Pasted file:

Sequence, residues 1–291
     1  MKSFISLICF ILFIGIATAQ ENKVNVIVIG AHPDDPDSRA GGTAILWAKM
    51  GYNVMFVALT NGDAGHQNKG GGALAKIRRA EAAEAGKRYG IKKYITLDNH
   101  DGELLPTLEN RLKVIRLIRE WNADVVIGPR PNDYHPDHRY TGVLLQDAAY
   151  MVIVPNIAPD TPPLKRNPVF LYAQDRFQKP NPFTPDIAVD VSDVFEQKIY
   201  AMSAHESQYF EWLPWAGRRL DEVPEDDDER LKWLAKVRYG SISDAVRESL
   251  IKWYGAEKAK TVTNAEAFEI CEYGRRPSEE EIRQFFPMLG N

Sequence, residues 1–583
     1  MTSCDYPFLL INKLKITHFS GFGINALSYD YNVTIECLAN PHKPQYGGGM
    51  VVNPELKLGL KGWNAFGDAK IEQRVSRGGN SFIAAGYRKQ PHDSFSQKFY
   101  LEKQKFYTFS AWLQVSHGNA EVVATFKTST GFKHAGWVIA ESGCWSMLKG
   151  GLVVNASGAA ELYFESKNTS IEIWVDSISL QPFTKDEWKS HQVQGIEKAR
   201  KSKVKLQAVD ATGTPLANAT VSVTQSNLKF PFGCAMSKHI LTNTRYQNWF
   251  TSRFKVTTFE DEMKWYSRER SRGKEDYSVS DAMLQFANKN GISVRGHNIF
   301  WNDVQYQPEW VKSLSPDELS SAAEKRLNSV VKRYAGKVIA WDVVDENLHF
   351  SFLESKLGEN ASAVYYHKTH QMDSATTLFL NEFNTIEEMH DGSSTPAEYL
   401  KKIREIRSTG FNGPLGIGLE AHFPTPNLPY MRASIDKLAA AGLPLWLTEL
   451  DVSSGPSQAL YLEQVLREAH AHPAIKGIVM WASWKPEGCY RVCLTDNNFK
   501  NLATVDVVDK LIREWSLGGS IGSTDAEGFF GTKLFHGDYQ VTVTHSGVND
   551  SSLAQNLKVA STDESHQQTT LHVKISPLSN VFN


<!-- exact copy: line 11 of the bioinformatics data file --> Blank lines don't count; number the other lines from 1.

   101  LEKQKFYTFS AWLQVSHGNA EVVATFKTST GFKHAGWVIA ESGCWSMLKG